What is this case about?
In 2013, Stanley Pastoral Pty Ltd purchased land which included a licence under s 51 of the Water Act to ‘take and use’ water on its property. Stanley Pastoral applied to Goulburn Murray Water to split the entitlement to extract 19ML from groundwater and 31ML from surface water.
After the entitlement split was granted, Stanley Pastoral applied to Indigo Shire Council (Council) for a planning permit for the use and development of the land for a 'utility installation', which is defined as land used to collect, treat, transmit, store or distribute water. Specifically, the permit application was for a change of use from an existing bore to the development of a water transfer station to include a shed, water silos, and associated equipment.
This case commenced after Council refused to grant the permit on the basis that the groundwater extraction would adversely affect the aquifer, diminish the potential for the land for agriculture and horticulture, and prejudice the land served by nearby bores.
VCAT grants permit
At first instance, VCAT granted the permit, finding that the means by which groundwater is extracted was not subject to controls under the PE Act or the planning scheme. VCAT found that the Water Act provides the necessary controls for the flow, use and management of water (including groundwater).
Objectors appeal the decision
Objectors from Stanley Rural Community Inc appealed VCAT's decision to the Supreme Court. McDonald J upheld the grant of the permit but for different reasons.
Intention to limit a conferred right should be expressly demonstrated
His Honour centred on the use of term 'expressly' in s 8(6) of the Water Act, which deals with continuation of private rights to water:
A right conferred by this section is limited only to the extent to which an intention to limit it is expressly (and not merely impliedly) provided in…any other Act or in any permission or authority granted under any other Act.
Stanley Pastoral's right was conferred under s 8(4)(a), which grants a person the right to use water taken or received by that person in accordance with a licence or other authority issued to that person under the Water Act.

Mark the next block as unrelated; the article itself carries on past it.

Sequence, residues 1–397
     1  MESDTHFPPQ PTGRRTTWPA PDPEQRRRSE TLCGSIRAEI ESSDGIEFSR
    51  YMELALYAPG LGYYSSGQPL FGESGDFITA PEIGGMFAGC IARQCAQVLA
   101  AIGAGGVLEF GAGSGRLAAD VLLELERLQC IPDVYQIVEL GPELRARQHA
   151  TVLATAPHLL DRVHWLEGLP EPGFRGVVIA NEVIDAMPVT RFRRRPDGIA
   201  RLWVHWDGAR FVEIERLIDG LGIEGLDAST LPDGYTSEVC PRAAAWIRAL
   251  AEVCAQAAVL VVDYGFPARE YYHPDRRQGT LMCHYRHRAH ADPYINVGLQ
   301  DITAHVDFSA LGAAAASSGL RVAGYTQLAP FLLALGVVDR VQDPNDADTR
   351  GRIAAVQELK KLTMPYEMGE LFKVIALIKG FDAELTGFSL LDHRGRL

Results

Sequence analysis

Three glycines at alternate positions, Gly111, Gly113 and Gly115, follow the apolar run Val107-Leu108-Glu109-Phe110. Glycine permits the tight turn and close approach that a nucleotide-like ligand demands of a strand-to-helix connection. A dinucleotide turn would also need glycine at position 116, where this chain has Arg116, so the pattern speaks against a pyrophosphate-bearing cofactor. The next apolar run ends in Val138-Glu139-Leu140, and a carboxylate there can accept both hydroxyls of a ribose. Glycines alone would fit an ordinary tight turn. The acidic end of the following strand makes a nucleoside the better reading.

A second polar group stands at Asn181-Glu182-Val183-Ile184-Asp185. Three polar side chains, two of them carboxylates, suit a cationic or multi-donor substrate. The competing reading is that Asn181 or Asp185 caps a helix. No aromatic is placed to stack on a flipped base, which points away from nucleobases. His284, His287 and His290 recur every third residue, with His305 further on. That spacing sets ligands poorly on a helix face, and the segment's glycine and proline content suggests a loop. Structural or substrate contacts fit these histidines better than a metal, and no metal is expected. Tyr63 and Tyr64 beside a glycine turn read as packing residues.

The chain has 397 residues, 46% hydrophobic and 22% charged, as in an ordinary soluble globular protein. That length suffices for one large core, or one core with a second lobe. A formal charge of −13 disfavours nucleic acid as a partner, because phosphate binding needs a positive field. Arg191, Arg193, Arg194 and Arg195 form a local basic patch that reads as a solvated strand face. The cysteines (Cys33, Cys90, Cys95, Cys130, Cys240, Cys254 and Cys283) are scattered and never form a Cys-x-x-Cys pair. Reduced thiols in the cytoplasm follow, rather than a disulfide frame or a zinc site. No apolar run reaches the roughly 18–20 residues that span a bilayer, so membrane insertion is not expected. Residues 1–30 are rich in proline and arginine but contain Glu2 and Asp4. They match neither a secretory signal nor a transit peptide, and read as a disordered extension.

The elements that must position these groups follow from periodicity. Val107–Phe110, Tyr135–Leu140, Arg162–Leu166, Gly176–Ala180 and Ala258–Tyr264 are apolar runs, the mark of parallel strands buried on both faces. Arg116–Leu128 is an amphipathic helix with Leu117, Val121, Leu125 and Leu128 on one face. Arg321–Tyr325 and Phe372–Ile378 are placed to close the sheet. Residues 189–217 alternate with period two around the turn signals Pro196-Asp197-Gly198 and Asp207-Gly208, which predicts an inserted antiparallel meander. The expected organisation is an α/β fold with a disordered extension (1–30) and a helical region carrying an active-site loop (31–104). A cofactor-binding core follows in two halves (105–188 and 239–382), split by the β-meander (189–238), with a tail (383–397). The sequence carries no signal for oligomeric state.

His Honour found that because there were no words in the PE Act or in the planning scheme expressly qualifying the rights of a water licence under the Water Act, then rights created under the Water Act to take and use groundwater cannot be the subject of objection or control pursuant to a planning scheme.
In a decision dated 20 December 2017, the Court of Appeal refused leave to appeal.
The Court found that powers to regulate or prohibit use or development of any land under s 6(2) of the PE Act do not expressly demonstrate an intention to limit the rights conferred under s 8 of the Water Act. Therefore, the PE Act did not limit the right under s 8(4)(a) of the Water Act. Their Honours further held that the words in parentheses 'and not merely impliedly' within s 8(6) of the Water Act make this clear.
The Court also found that the right conferred by s 8(4)(a) of the Water Act to use water 'taken or received…in accordance with a licence…under this Act' is:
one upon which the permit applicant can rely in respect of water taken and used under the s 51 take and use licence, by virtue of s 8(6) as 'limited only to the extent to which an intention to limit is expressly (and not merely implied) provided in…' statutory instruments of the various types specified.
Separately, their Honours overruled VCAT's finding at first instance that the planning scheme might have made express provision to limit water rights. The Court cast doubt on the prospect that a planning scheme meets the description found in s 8(6) of the Water Act of 'any permission or authority granted under any other Act'.
Finally, the Court rejected the applicant's argument that the 'real and substantial purpose' of the proposed land use was an innominate 'groundwater extraction' use. Instead, their Honours confirmed VCAT's finding that the 'real and substantial purpose' of the proposed land use fit within the broad definition of 'utility installation' in the planning scheme - therefore requiring a planning permit for 'utility installation'.
The case demonstrates that licences conferred under the Water Act cannot be limited by the PE Act as it does not currently make express provision in relation to the extraction of groundwater.
VGSO regularly advises in planning, water and related areas including development approvals, planning scheme amendments, drainage and sewerage projects and land management. For a discussion of the services VGSO can provide in this area, please contact Annette Jones, Principal Solicitor or Natasha Maugueret, Managing Principal Solicitor.
03 8684 0431
Managing Principal Solicitor
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